article-7 - LETTERS 2006 Nature Publishing Group

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Parallel adaptive origins of digestive RNases in Asian and African leaf monkeys Jianzhi Zhang Similar morphological or physiological changes occurring in multiple evolutionary lineages are not uncommon. Such parallel changes are believed to be adaptive, because a complex character is unlikely to originate more than once by chance. However, the occurrence of adaptive parallel amino acid substitutions is debated 1–3 . Here I propose four requirements for establishing adaptive parallel evolution at the protein sequence level and use these criteria to demonstrate such a case. I report that the gene encoding pancreatic ribonuclease was duplicated independently in Asian and African leaf-eating monkeys. Statistical analyses of DNA sequences, functional assays of reconstructed ancestral proteins and site-directed mutagenesis show that the new genes acquired enhanced digestive efFciencies through parallel amino acid replacements driven by darwinian selection. They also lost a non-digestive function independently, under a relaxed selective constraint. These results demonstrate that despite the overall stochasticity, even molecular evolution has a certain degree of repeatability and predictability under the pressures of natural selection. I propose that four requirements should be fulFlled to demonstrate adaptive parallel evolution at the protein sequence level. ±irst, similar changes in protein function occur in independent evolutionary lineages. Second, parallel amino acid substitutions are observed in these proteins. Third, the parallel substitutions are not attributable to chance alone and therefore must have been driven by a common selective pressure. ±ourth, the parallel substitutions are responsible for the parallel functional changes. Although more than a dozen cases of molecular parallel evolution have been reported 1,4–7 , almost all of them satisfy only the Frst and/or second requirements. Below I describe the parallel evolution of colobine pancreatic ribonucleases (RNases), which satisFes all four criteria. Colobines are a subfamily of Old World monkeys and are separated into Asian and African clades, which diverged from each other B 13 million years (Myr) ago 8 . Colobines are different from most other primates in that their primary diet consists of leaves rather than insects or fruits 9 . Because mammals do not possess enzymes to degrade cellulose, a main component of leaves, colobines adopt a ruminant- like alimentary system 9 . That is, they use symbiotic bacteria in their foregut to ferment leaves and then recover nutrients by digesting the bacteria 9 . Because rapidly growing bacteria have the highest ratio of RNA nitrogen to total nitrogen of all cells, a higher-than-usual amount of RNase is required in foregut-fermenters to quickly degrade RNA so that the nitrogen can be recycled efFciently 10 .I n d e e d , ruminants and colobines have considerably higher concentrations of pancreatic RNase than other mammals do 10,11 . In addition, it is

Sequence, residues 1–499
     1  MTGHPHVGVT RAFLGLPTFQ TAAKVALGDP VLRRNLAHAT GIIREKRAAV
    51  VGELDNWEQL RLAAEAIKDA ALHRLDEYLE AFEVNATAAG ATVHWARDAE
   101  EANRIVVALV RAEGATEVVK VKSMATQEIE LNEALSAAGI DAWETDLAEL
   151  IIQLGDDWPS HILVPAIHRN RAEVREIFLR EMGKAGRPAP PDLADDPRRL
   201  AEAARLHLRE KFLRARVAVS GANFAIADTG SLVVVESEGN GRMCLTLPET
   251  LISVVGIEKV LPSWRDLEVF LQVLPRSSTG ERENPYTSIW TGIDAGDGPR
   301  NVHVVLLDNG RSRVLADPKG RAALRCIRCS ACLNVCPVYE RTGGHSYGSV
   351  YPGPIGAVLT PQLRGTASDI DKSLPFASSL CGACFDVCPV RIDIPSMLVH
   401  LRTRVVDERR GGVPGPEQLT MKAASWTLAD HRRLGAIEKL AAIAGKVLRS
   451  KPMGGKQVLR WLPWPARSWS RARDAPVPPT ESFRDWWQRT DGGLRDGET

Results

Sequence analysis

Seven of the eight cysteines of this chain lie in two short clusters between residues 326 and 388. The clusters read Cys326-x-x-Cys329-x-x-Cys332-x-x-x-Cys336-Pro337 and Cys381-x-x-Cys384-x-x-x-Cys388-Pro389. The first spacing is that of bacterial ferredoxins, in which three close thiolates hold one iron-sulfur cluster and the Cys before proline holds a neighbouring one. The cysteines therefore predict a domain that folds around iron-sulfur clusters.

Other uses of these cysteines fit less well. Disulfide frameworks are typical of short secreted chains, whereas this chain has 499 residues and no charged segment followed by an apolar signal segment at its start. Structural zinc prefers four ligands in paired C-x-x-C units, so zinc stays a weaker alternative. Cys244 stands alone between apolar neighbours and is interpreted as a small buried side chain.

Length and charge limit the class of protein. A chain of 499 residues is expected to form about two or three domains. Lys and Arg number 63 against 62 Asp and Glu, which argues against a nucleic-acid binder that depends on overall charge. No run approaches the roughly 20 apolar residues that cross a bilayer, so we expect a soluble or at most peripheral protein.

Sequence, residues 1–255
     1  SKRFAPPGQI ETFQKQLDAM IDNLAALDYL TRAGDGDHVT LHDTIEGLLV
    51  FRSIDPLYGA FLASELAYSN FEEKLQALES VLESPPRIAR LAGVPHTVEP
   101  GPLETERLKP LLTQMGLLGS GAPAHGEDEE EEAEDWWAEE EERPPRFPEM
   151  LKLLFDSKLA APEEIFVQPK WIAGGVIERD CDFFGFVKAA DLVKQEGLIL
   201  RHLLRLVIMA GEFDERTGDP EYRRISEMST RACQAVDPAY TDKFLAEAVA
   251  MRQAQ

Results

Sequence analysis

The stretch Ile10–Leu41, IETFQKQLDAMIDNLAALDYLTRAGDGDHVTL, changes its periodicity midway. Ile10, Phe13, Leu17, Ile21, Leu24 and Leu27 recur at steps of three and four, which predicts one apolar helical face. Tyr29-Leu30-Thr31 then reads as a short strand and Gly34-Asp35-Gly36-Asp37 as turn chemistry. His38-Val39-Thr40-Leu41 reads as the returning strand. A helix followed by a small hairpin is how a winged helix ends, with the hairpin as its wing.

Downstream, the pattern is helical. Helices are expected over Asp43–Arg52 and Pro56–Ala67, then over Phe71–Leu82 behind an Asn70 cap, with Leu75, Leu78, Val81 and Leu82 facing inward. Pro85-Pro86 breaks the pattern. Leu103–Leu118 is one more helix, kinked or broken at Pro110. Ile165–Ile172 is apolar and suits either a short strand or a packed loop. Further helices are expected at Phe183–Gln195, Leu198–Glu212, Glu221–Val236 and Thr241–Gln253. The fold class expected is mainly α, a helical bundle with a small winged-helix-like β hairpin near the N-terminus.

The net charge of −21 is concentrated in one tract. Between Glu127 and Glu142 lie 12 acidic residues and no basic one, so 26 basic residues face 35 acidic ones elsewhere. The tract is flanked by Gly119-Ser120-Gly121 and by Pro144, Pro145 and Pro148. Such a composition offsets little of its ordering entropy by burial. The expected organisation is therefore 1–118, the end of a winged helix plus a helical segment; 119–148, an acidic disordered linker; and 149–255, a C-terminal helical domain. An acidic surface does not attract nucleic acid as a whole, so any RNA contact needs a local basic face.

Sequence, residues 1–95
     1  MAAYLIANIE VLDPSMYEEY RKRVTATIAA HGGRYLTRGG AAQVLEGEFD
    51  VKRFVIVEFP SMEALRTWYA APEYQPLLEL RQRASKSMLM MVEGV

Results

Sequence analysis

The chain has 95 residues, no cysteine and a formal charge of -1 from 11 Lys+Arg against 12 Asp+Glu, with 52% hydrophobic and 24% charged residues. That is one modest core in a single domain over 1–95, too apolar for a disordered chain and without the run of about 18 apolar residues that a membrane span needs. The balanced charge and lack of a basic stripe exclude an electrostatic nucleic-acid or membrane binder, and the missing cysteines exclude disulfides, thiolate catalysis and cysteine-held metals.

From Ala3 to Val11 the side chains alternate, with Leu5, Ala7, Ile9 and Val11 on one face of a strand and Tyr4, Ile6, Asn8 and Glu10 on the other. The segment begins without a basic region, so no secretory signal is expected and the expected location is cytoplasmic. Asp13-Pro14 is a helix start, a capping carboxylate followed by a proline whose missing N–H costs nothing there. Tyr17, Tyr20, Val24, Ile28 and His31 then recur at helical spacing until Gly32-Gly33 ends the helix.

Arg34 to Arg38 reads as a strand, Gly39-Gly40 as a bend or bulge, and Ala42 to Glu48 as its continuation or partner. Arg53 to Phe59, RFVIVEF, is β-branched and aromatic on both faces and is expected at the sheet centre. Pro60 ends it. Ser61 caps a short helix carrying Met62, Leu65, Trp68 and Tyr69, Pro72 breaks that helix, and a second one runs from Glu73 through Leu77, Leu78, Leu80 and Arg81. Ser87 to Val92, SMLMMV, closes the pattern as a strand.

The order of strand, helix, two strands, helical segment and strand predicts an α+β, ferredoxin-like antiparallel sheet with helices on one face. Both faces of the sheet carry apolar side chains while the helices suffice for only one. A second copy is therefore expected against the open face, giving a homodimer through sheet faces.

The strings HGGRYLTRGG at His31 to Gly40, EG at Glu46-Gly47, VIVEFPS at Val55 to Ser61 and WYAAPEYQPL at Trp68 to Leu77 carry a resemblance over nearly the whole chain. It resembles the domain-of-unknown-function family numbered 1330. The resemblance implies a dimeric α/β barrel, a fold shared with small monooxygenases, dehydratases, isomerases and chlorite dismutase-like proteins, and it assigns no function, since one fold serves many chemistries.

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This note was uploaded on 04/22/2009 for the course EEB 318 taught by Professor Cutter during the Spring '09 term at University of Toronto- Toronto.

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article-7 - LETTERS 2006 Nature Publishing Group

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